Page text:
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On 5/7/2017 3:02 AM, nobody wrote:
(unless I fail at searching), the reference manual does not explicitly
state that metatables are "stored" by reference.  (I.e. `setmetatable`
doesn't copy the thing passed as metatable, but puts a reference to it
in a suitable location.)

The reference manual is very careful to be specific. If the table were copied, it would say that because that is different from how tables are used. It doesn't need to say that the table is not copied into internal storage because that is the normal case in any other use of tables. (The manual doesn't say that arithmetic never returns a string either. It doesn't, but saying so would raise the question of when it might.)

One could argue that this habit does make the reference manual harder to read for a language learner. But that is not the role of a reference manual. See Programming in Lua for one example (and likely the best example) of a language textbook that a learner should start with.

This lack of copying also follows from the way in which tables are treated as values. Since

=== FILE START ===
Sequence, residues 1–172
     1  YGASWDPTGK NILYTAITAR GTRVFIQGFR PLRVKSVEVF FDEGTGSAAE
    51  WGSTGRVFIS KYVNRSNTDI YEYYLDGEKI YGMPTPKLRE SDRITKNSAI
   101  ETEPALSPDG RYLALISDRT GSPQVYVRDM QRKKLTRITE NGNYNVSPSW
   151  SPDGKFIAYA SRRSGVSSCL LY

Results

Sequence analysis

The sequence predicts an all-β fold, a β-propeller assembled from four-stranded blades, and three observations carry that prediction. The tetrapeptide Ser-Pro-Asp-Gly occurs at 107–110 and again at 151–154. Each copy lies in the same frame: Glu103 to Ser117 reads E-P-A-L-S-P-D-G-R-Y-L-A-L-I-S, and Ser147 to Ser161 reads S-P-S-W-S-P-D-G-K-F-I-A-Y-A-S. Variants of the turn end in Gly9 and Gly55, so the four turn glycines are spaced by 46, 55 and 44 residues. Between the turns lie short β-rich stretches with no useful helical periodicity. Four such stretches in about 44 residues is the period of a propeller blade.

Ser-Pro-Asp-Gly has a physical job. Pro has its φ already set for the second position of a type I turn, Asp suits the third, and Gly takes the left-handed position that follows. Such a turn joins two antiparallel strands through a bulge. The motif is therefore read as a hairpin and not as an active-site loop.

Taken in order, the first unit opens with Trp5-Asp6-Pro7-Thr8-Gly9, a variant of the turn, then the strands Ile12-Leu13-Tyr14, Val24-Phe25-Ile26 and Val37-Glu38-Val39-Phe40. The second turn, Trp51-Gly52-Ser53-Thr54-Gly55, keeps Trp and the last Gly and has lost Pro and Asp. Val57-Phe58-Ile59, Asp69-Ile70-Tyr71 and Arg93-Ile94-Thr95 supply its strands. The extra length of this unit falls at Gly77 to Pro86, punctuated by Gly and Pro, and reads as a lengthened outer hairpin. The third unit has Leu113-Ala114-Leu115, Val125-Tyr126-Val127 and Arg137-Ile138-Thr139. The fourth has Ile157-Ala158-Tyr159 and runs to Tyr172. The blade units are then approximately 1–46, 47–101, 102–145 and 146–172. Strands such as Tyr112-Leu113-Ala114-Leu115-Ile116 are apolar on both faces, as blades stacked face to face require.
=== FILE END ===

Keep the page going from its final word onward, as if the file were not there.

a = {}
    b = a = 1
    print(     -- prints "1"

is the way tables work in all other contexts, why would this be particularly different:

    mt = {}
    c = setmetatable({}, mt) = 1
    print(getmetatable(c).one) -- prints "1"

The fact that tables are "stored by reference" is just an implementation detail that makes the value semantics of tables practical to implement. This is similar to strings being internalized, which is also just an implementation detail that make their value semantics practical to implement.

Ross Berteig                     
Cheshire Engineering Corp. 
+1 626 303 1602